such maintenance is not borne by the worker, his decision may be on "noneconomic" grounds, i.e., appearance, personal comfort, etc.25 To the extent that superior maintenance keeps the machines operating at peak efficiency for longer periods of time, management may sanction the additional costs on economically rational grounds. However, the type of maintenance the worker requisitions may appear to be "irrational" from the manager's point of view, in that the contribution to the machine's upkeep may be obscure. From the worker's point of view superior maintenance may be justifiable because it makes important contributions to the "amenities" of the work place, but management may demur on precisely these grounds.


The division of labor is defined here as the system of specialized work activities within a factory. By limiting this analysis to the factory, many important levels of the division of labor are excluded; but even within the factory, three different levels of this phenomenon can be observed: 1. The division of labor within the work team;

2. The division of labor between different work positions (some of which are occupied by work teams), which constitutes what we call the flow of production;

3. The division of labor that accompanies the system of authority.

Division of Labor within the Work Team 26

Since the primary manifest function of the work team is efficient utilization of both men and machines, the team exists as a substitute for the individual operator within the flow of production. Some of the norms and acts that characterize the work team are much like those of the worker and his machine. However, the work team is a social unit in its own right; some of its norms and acts are equally characteristic of a broader level of the division of labor. As a consequence of the work team's dual nature, the interaction between these two sets of norms and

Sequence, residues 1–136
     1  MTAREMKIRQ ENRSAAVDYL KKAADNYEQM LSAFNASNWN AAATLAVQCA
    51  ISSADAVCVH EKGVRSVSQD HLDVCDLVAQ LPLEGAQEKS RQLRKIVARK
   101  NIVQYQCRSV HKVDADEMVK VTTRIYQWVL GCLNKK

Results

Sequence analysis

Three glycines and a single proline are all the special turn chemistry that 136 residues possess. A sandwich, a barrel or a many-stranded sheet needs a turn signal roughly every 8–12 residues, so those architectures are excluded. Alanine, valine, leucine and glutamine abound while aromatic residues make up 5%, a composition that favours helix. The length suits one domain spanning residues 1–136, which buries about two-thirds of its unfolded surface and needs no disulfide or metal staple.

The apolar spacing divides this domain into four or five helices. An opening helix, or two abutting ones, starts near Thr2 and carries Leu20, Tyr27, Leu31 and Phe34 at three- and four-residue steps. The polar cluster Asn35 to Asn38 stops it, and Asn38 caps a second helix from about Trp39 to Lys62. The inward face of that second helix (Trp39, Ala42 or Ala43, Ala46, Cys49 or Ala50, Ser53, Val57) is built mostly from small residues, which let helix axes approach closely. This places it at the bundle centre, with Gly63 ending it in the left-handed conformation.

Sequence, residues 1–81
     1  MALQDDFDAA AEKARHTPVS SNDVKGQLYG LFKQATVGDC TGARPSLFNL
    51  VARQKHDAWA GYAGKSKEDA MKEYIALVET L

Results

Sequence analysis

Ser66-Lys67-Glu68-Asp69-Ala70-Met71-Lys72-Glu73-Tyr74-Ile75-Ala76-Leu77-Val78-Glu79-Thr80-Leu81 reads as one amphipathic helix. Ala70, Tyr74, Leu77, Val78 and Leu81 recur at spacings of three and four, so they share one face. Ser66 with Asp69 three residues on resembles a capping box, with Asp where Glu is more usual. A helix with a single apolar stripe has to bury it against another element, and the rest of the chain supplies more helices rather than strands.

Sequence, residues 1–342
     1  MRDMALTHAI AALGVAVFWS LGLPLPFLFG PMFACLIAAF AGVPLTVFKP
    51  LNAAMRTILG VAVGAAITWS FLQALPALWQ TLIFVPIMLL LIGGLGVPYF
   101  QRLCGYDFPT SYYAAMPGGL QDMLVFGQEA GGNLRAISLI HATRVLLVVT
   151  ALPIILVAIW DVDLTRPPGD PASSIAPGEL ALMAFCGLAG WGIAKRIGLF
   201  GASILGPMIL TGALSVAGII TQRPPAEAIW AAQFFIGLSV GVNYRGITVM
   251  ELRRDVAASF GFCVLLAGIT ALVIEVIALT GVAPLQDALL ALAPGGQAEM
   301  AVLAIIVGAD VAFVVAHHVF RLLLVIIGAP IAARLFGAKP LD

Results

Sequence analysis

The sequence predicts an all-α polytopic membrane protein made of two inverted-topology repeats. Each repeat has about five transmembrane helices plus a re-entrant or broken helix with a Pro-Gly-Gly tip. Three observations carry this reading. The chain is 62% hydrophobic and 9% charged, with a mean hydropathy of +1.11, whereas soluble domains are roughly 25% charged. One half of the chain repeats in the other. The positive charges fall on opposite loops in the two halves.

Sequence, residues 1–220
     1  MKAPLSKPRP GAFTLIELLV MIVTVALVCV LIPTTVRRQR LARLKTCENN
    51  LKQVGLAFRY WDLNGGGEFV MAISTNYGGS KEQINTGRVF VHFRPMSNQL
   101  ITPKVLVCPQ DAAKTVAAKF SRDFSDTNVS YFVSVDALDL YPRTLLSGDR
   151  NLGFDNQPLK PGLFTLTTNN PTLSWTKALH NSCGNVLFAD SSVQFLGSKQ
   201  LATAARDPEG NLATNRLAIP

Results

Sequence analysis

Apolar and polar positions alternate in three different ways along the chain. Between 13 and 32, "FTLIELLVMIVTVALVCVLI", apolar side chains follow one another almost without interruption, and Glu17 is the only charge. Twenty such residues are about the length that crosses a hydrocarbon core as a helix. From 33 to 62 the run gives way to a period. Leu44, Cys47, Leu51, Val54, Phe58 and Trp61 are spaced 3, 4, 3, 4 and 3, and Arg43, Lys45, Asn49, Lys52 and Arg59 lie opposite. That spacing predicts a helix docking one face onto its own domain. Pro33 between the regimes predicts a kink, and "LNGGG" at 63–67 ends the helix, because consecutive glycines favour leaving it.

25 When these norms are violated, the same desire for mastery leads to exactly the opposite consequences. See Moore, Industrial Relations and the Social Order, p. 243. 26 For discussions of the work team as an operating unit see Dubin, op. cit., pp. 104-105, 292–293; Fred H. Blum, Toward A Democratic Work Process (New York: Harper & Brothers, 1953), pp. 69-72; William J. Goode and Irving Fowler, "Incentive Factors in a Low Morale Plant," American Sociological Review, 14:618-624 (October 1949); Nicholas Babchuk and William J. Goode, "Work Incentives in a Self-Determined Group," American Sociological Review, 16:679-687 (October 1951).

acts-those of the operator and those of the division of labor-brings about a special set of conditions that are unique to the work team.